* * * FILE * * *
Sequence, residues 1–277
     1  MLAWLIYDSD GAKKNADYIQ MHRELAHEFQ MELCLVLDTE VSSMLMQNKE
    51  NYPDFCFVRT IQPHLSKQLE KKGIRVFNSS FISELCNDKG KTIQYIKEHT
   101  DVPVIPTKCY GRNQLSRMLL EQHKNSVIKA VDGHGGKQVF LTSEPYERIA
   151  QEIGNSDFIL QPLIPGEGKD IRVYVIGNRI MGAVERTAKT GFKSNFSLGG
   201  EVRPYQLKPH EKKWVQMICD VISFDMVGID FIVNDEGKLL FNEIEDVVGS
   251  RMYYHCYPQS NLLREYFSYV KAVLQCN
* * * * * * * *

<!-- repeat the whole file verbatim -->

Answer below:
Sequence, residues 1–277
     1  MLAWLIYDSD GAKKNADYIQ MHRELAHEFQ MELCLVLDTE VSSMLMQNKE
    51  NYPDFCFVRT IQPHLSKQLE KKGIRVFNSS FISELCNDKG KTIQYIKEHT
   101  DVPVIPTKCY GRNQLSRMLL EQHKNSVIKA VDGHGGKQVF LTSEPYERIA
   151  QEIGNSDFIL QPLIPGEGKD IRVYVIGNRI MGAVERTAKT GFKSNFSLGG
   201  EVRPYQLKPH EKKWVQMICD VISFDMVGID FIVNDEGKLL FNEIEDVVGS
   251  RMYYHCYPQS NLLREYFSYV KAVLQCN